“I think I bring my experience of playing and coaching USA Basketball internationally,” added Staley. “I still know some of the players, and have played with some of the players, who will probably be on the team. So, I add a different perspective, being able to relate to them and know their style of play, as well as being a good teammate. Just helping Geno in his quest to win another World Championship and add my expertise as someone who has played and coached at the World Championship level. I just want to be a great addition to the staff.”
The final 12-member 2014 USA World Championship Team will be selected from the 2014-16 USA National Team pool, which currently includes: Jayne Appel (San Antonio Stars), Seimone Augustus (Minnesota Lynx), Sue Bird (Seattle Storm), DeWanna Bonner (Phoenix Mercury), Tamika Catchings (Indiana Fever), Tina Charles (New York Liberty), Elena Delle Donne (Chicago Sky), Skylar Diggins (Tulsa Shock), Stefanie Dolson (Washington Mystics), Candice Dupree (Phoenix Mercury), Sylvia Fowles (Chicago Sky), Brittney Griner (Phoenix Mercury), Lindsey Harding (Los Angeles Sparks), Briann January (Indiana Fever), Glory Johnson (Tulsa Shock), Jantel Lavender (Los Angeles Sparks), Kara Lawson (Washington Mystics), Kayla McBride (San Antonio Stars), Angel McCoughtry (Atlanta Dream), Maya Moore (Minnesota Lynx), Kaleena Mosqueda-Lewis (University of Connecticut), Nnemkadi Ogwumike (Los Angeles Sparks), Candace Parker (Los Angeles Sparks), Cappie Pondexter (New York Liberty), Danielle Robinson (San Antonio Stars), Odyssey Sims (Tulsa Shock), Breanna Stewart (University of Connecticut), Diana Taurasi (Phoenix Mercury), Alyssa Thomas (Connecticut Sun), Courtney Vandersloot (Chicago Sky), Lindsay Whalen (Minnesota Lynx), Monica Wright (Minnesota Lynx) and Sophia Young (San Antonio Stars).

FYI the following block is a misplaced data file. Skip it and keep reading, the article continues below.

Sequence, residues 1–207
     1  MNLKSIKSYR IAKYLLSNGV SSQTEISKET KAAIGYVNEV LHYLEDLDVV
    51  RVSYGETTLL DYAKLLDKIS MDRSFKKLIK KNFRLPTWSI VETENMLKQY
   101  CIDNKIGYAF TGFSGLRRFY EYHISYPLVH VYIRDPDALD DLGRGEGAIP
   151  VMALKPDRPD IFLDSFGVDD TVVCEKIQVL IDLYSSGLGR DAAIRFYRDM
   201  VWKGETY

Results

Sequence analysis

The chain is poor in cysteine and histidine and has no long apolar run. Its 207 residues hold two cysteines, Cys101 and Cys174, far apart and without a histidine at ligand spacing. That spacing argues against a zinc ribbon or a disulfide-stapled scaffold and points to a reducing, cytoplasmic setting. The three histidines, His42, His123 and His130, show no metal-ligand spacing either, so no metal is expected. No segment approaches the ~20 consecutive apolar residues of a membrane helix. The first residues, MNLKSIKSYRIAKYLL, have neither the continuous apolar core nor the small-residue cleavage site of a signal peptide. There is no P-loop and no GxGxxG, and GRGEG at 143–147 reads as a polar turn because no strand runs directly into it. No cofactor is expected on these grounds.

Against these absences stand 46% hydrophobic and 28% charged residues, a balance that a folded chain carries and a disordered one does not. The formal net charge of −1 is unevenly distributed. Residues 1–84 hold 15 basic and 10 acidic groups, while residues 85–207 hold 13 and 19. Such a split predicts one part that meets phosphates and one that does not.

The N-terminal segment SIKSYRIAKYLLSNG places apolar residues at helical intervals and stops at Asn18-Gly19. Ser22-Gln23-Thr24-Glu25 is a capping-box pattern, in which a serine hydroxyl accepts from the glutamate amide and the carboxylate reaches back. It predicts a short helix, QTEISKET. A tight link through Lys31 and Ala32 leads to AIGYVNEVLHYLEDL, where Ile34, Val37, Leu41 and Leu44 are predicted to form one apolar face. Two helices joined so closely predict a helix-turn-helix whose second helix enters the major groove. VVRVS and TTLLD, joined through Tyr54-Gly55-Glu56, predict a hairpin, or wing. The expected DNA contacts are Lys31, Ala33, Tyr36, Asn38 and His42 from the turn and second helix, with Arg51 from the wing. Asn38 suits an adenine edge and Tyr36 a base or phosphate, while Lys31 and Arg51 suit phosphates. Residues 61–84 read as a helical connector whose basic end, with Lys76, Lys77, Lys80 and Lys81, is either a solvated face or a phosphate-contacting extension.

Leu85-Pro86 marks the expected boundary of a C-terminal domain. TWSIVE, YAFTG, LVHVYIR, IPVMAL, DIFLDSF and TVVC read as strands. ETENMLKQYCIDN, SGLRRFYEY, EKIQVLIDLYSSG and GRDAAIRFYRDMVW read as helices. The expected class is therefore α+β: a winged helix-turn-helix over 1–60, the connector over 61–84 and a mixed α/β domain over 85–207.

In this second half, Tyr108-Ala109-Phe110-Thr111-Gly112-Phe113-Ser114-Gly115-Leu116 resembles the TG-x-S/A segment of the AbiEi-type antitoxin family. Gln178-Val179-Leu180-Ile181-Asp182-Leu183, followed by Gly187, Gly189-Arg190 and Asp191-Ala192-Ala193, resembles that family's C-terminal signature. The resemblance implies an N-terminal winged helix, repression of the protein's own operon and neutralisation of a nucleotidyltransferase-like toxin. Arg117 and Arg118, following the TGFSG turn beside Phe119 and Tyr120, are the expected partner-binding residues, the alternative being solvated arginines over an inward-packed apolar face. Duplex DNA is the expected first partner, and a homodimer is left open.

USA Basketball Women’s National Team Director Carol Callan serves as the chair of the USA Basketball Women’s National Team Steering Committee, which includes USA Basketball CEO/Executive Director Jim Tooley; WNBA appointee Reneé Brown, WNBA Chief of Basketball Operations and Player Relations; NCAA appointee Chris Plonsky, Director of Women’s Athletics/Athletics External Services, University of Texas; and three-time Olympic and two-time FIBA World Championship gold medalist Katie Smith, who played in nearly 200 games for USA Basketball from 1993-2008, and serves as the athlete representative.